JCAA has always supported the federal Freedom to Fish Act.  We were one of the original organizations working for passage of this bill.  We were always clear that this legislation was designed to protect the rights of recreational anglers.  We decided not to include commercial fishing because of various management decisions that impact on that sector.  There are times that commercial fishermen are restricted for reasons other than just science, including spatial conflicts or long-term protection for a stock.  For example, there is currently a ban on gill netting in Raritan and Barnegat Bays.  You can't bottom troll within 2 miles of the beach.  If commercial interests were included in the Freedom to Fish Act, some of these decisions would be in danger.  In addition, including commercial interests would endanger other management tools.  For these reasons, JCAA has never agreed to the inclusion of commercial fishermen and, in fact, was always clear that our support was contingent on leaving commercial interests out of the bill.  We did not want them to use our coattails to get their own legislation.  The current federal legislation deals only with recreational anglers. 

            This year the RFA began to introduce the Freedom to Fish legislation at each state level.  When we were told of this initiative, JCAA offered our support and took a public position of support for this legislation in New Jersey.  It has come to our attention that the Assembly amended the bill on May 15 to include commercial fishermen in their version of the bill.  We have not seen these amendments and are unclear how the wording could be interpreted.  When the federal Freedom to Fish bill was in early stages of development years ago,  JCAA decided it could not support the inclusion of commercial fisheries in the bill.  That has always been our position.  To our knowledge, the NJ Senate version still only includes recreational fishing.  We do not know if there are plans to amend the Senate version as well.  This puts JCAA in a difficult position.  If the Assembly’s amendments are included in the final state bill, JCAA will have to reevaluate its support.  We need to look carefully at the impact of the Assembly’s amendments to the bill and decide what position we will take.  Whatever happens with the state bill, JCAA will continue to support the federal bill.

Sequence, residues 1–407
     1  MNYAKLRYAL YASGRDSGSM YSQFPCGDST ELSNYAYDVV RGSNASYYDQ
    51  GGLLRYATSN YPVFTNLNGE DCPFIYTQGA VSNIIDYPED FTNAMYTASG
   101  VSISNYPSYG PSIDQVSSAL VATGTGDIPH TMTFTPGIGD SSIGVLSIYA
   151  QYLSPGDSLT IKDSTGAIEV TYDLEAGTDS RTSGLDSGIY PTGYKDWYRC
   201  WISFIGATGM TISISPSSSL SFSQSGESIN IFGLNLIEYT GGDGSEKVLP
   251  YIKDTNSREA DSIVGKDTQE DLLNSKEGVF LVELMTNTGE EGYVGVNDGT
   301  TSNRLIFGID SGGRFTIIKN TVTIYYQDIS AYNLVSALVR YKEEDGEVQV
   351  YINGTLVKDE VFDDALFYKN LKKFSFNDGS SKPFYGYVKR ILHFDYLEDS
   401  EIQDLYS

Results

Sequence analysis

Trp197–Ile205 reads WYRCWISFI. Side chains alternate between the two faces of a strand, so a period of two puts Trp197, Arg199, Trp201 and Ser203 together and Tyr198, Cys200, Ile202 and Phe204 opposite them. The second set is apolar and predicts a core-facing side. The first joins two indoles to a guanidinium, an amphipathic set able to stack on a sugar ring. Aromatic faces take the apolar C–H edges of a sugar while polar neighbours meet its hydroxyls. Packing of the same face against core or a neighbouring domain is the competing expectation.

The irony is that we may end up working with some groups at the federal level and opposing the same groups at the state level.  Even more ironic is that we may be forced to align ourselves at the state level with the very organizations that forced us to design the federal legislation in the first place.  This issue will be discussed at the next JCAA meeting.  We need to decide on a course of action.  If you have any questions, please send me an email. 




I will be attending a two-day workshop on the research needs of bluefish.  This workshop will bring together scientists, commercial and recreational fishermen, representatives from universities, NMFS, and ASMFC.  The purpose of this meeting is to identify the data gaps in research on bluefish to help us make better management decisions.  Congress has appropriated funds for bluefish research but need to spend the money wisely.  We need information for stock assessment and other areas that will help make management decisions.  I have high expectations for this meeting.  The workshop will be held at the Conference Center at the Maritime Institute of Technology, 5700 Hammonds Ferry Road, Linthicum Heights, Maryland 21090.  There will be a report in next month's newspaper.




            Governor McGreevey continues to keep his commitment to clean water by upgrading water systems to C1 classification.  This is a significant step in guaranteeing clean water throughout the state.  JCAA will also be participating in meetings of the subcommittees that will develop a statewide water supply plan.  These meetings begin on Friday, May 16th.  Included below is the press release from Earth Day.